Besides, everybody wants to live at the beach, right? But just as the heat can affect a man's thinking, so too can crowded cities and outrageous real estate prices. Three- to four-hour-a-day commutes don't seem so unreasonable when you can actually afford a reliable vehicle to make the trip, a decent garage to park it in between trips AND a good-sized, air-conditioned home. Just look at the Antelope, Coachella and Yucca valleys. They absorb the onslaught.
Does anyone remember how those places looked 25 or 30 years ago? Now San Diego is just about built out and home prices there are higher than L.A.
Just you wait; people will be spilling over the mountains one day. Lots of people are willing to live in the desert. Just look at the Phoenix area (population 2 million plus). Unless the population shift that has occurred in this country over the last three or four decades drastically reverses itself, the Sunbelt will continue to be where the action is.
The North American Free Trade Agreement may not be the boon that some people thought, but it hasn't been the bane of our country's existence, either, as others predicted. And NAFTA certainly has had a significant impact on our Valley. It has diversified our economic base, increased cross-border traffic and stressed our transportation infrastructure.
Soon we will have a four-lane highway running from the border to Interstate 10 to accommodate NAFTA. I foresee this thoroughfare being heavily developed as more and more people and goods travel north and south. Is that a bad thing? That depends on your point of view or how well we manage the growth. The real point here is NAFTA will continue to fuel our local economy and that is a good thing.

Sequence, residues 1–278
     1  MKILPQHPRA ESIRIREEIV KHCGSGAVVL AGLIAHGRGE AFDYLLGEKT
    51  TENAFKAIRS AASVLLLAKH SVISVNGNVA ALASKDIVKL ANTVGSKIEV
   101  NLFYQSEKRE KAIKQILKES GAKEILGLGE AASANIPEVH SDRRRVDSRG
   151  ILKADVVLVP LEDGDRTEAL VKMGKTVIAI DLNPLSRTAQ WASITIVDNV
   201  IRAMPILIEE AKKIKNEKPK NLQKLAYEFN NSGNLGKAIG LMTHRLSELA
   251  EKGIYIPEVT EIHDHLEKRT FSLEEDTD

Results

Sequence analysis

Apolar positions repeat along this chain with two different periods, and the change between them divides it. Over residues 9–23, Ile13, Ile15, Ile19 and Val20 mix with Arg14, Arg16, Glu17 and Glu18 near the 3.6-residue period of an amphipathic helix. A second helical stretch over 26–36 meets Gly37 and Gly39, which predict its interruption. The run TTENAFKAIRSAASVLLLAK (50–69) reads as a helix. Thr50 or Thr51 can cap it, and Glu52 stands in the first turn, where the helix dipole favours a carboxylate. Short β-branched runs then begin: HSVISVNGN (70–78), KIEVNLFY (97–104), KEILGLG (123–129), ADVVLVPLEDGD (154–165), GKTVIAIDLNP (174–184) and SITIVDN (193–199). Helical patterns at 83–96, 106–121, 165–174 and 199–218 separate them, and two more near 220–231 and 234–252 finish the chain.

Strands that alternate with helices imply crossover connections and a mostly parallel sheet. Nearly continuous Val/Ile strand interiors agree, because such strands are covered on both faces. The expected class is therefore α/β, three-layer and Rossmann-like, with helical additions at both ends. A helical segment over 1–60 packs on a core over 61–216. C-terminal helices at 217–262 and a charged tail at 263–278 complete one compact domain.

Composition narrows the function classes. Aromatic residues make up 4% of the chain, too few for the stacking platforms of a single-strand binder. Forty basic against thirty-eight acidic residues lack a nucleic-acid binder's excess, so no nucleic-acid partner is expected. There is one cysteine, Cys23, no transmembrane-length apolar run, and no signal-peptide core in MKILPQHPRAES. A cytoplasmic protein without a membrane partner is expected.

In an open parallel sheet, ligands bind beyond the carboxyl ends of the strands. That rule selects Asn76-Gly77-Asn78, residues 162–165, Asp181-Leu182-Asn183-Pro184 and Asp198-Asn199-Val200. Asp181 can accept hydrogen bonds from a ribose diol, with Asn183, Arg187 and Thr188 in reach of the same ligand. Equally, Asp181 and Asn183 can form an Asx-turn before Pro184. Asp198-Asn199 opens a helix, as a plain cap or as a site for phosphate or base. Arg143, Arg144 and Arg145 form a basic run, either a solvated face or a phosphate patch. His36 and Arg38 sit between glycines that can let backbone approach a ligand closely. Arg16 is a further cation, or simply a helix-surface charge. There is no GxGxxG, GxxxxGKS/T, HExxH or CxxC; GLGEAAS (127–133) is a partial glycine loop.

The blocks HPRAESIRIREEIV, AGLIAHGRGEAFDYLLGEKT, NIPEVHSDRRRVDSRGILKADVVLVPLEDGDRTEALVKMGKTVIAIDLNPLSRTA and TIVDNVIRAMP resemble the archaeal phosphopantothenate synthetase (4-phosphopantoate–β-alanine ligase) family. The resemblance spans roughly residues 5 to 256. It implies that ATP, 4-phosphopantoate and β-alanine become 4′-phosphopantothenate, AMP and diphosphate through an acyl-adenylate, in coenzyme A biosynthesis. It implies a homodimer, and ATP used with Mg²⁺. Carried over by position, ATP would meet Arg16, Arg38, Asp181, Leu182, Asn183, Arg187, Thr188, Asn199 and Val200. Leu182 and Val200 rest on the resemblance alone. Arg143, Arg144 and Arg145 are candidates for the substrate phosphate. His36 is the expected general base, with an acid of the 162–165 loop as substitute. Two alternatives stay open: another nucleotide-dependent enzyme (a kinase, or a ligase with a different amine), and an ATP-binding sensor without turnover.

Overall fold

Sometimes I think people in San Diego and Los Angeles actually believe Albertsons, Stater Brothers, Vons, etc. grow all their produce and raise all their meat in the backs of their stores. Because they believe that, these city folks feel they can put our water to better use than we do. Perhaps they want to pay $3 for a head of lettuce year-round or $4.99 for a pound of asparagus or buy low-quality imported beef.
What I do know is this: The single most important commodity this region possesses is its Colorado River water and every one else in the Southwest wants it.
Our water stewards still have the upper hand; let's hope they don't blow it. The water issue is the single most important challenge we face as a region. One way or another, someone is going to get some of it. Get used to that idea. You don't have to panic yet. The law of the river has been on our side for decades and that kind of precedence is tough to beat.
We have another potential commodity, if we only knew how to market it in a big way: the Imperial Valley itself. What with 15 or 20 million people within a half a day's drive from here? This place could be the weekend getaway in the Southwest, even for those mortgage-strapped city dwellers from the coast. Hey, not everyone snow skis or gambles! Sure, we get some action from the dune users, the river rats, the hunters and the snowbirds, but we have got to think, dare I say, outside the box!
Sorry about that box thing, I know it's cliché. But we have tremendous natural resources that just need some intelligent development and management. The Algodones and the Salton Sea are gold mines. Granted, the Bureau of Land Management, at the behest of environmental extremists, may try to shut our dunes and the sea has its problems, but at least tentative steps are being taken to understand those problems.